“I’ve tried sending messages to you at both your Canterlot office and the one here. Everypony says that you are in Splendid Valley again, so now I’m trying you there too. I really hope you’re not just avoiding me. I… I wouldn’t blame you if you were.”
The voice was anxious, sad and cracked. I knew Pinkie Pie’s voice; I’d heard it in Vinyl Scratch’s memory. This was almost the same, but much more fragile. Possibly even broken.
“I went to the get-together at Spike’s place and brought It just like you asked. All of my friends were there but you… Spike said it was because you couldn’t get away from your work, but… Was it because I was gonna be there?
“Twilight, I’m so sorry. You were right. Totally right. I’ve known it for a long time. I just…
“I mean, I couldn’t. But I will. I’ve made an appointment at the Helpinghoof Clinic. For tomorrow. They’re supposed to have stuff there… medicine that can help make… addictions… go away.
“Do you think they might be able to bake the medicine into a cake? Or maybe a pie? I like pie!”
On the recording I heard the sound of a knock and a door opening. A second voice interrupted.
“Miss Pinkie Pie? The Ministry of Wartime Technology has sent us a dozen Steel Rangers. They’re in position with our agents.”
Again Pinkie Pie spoke, but addressing the intruding pony. She didn’t bother to edit the recorder; she just let it keep recording.
“oooh, those Four Stars ponies are some bad ponies! They need to be banished. Then locked up in the place they were banished to. But first we need to get their secrets from their bad, bad pony heads to make sure there aren’t any more of them. So tell my ponies that we want them alive…
“OH! I know! Have them go in with one of my Pinkie Balloons!”
The intruding pony seemed unsure, taken aback by this suggestion. “Miss? You want us to raid Four Stars using a… giant blimp shaped like your head?”
“uh huh! I want them to know I’m coming for them!”
I couldn’t keep my mind from envisioning a giant pink balloon with the same staring face as the one on the gigantic billboard. I wasn’t sure if that was ingenious or insane.
On the audio recording, I heard the click of the door closing. Pinkie Pie returned to addressing her (former?) friend, Twilight Sparkle.
“Sorry about that. You… wouldn’t believe what’s been going on. But don’t worry. If we get through today, everything will be okay.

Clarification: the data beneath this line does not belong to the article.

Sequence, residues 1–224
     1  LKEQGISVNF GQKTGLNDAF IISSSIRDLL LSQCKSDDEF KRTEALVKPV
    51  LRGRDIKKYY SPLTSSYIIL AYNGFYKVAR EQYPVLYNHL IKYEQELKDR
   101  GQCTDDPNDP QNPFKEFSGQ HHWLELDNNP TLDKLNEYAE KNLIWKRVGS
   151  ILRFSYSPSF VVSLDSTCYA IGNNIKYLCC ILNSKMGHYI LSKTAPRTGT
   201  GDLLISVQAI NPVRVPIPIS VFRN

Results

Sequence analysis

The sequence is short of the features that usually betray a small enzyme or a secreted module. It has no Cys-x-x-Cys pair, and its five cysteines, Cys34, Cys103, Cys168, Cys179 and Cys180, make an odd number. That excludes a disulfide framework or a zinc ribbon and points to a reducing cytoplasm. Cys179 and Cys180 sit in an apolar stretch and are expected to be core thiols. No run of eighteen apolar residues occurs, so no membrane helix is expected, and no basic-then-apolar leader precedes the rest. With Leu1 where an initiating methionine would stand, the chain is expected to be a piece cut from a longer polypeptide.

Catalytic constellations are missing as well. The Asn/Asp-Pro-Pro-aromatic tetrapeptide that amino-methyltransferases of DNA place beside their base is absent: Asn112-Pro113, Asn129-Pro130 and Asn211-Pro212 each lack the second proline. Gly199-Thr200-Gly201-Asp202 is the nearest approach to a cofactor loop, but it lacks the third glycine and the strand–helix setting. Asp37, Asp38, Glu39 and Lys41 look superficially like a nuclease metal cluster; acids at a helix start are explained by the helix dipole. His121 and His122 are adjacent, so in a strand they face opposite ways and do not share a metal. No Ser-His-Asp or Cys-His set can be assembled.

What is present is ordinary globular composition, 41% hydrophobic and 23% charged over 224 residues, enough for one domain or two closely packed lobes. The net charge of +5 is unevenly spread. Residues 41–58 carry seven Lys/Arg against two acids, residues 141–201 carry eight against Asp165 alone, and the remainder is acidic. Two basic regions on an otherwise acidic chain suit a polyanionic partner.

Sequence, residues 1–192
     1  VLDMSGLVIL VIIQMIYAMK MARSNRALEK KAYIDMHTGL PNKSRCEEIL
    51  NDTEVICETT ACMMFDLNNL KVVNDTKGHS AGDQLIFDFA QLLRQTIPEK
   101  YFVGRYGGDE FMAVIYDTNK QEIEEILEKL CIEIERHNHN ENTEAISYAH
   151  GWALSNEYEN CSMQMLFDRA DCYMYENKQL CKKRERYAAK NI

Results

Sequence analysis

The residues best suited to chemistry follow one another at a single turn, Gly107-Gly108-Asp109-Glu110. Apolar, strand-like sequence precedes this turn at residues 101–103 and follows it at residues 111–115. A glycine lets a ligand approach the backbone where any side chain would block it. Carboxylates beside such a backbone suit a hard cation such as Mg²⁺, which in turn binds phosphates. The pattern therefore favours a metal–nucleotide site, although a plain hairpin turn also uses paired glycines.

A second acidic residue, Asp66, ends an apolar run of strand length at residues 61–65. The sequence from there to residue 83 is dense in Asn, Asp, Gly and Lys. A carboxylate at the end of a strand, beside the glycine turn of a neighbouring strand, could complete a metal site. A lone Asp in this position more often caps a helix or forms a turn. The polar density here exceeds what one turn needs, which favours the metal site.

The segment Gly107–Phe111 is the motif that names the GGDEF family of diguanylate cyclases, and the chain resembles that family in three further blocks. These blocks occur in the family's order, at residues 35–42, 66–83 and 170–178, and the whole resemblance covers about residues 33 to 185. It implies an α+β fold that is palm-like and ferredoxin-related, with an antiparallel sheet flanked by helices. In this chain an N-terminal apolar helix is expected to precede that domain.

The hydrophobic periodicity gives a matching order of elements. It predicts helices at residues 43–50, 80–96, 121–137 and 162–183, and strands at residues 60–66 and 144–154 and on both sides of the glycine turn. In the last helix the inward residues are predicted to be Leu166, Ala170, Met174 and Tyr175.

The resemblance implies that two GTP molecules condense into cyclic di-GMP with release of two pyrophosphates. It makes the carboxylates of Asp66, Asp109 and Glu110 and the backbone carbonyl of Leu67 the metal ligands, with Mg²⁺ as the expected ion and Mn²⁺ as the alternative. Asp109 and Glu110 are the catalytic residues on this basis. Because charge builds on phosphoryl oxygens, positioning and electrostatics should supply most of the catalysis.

“After today, I can do what you wanted me to do. I can try to be your Pinkie Pie again. I’m sorry I haven’t before… but I just couldn’t. I know you won’t believe me but… try to remember the parasprites.
“I’ve done bad things, Twilight. Awful things. And I’ve let the ponies in my Ministry do even worse things. And I’m really, really sorry. I don’t know if I can be your Pinkie Pie again. But I’ll try. That’s a Pinkie Pie Promise!
“Party-Time Mint-als are bad. They mess ponies up. I know I’m messed up. More than ever. But I’ve needed them. Normal old Pinkie Pie is smart and she can sense when things are coming. But Party-Time Mint-als make me… more. Not better. I know that now. But… more. And we need more. Equestria needs more.
“On Party-Time Mint-als, my Pinkie Sense is way, way more Sense-y. And it’s the only thing keeping us a hoof ahead of really, really bad things. My nose has been burning all day. It’s like an itchy nose only way, way worse. There are bad ponies, Twilight, and they mean to hurt us. To hurt all of Equestria. And just normal Pinkie Pie can’t stop them…
“But after today, it’ll all be okay again. I just know it. Just have to get through today…
“…And tomorrow, I’ve got that appointment. And… and…
“And Twilight? Do you think… maybe… you could go with me? I’m… kinda scared. And it isn’t the sort of scared that goes away with giggling.
“I mean, I have you with me now, so you’ll kinda be with me anyway. But it’s not the same. I want the real Twilight Sparkle. I…
“I want my friend back.
“I’ll do anything…”
The recording ended. I sat there stunned. There was a whirlwind of thoughts in my head, but none of them quite came into focus.
Party-Time Mint-als mess ponies up.
Pinkie Pie herself said that. But she also said they made her… more. I knew that was true; they were making me more right now.
Pinkie Pie had wanted to be rid of them. But she couldn’t. Not just because she was addicted, but because she had become reliant on the boost in order to do her job. To try to save the lives of millions of ponies. How could that not be more important than one friendship?
The Equestrian Wasteland requires sacrifices.
The audio recording had an attachment:
Error. Connection to Maripony terminal #42 failed.
Message not sent.
Twilight Sparkle had never received Pinkie Pie’s last call.
I have you with me now…
My eyes fell on the pony skeleton from which I had retrieved the Twilight Sparkle statuette. A sadness welled up in me. I felt tears falling down my cheeks.
“Celestia and Luna be with you, Pinkie Pie,” I said, not knowing what else to say.
*** *** ***
The sun was dipping below the horizon, painting the clouds above with streaks of pink and purple. Twilight colors.
Calamity and SteelHooves were already waiting for us when Velvet Remedy and I reached the floor below and found where the front end of the oversized Red Racer scooter had lodged tightly into what had once been the frame of a huge window, canted slightly. The massive red model groaned in the wind.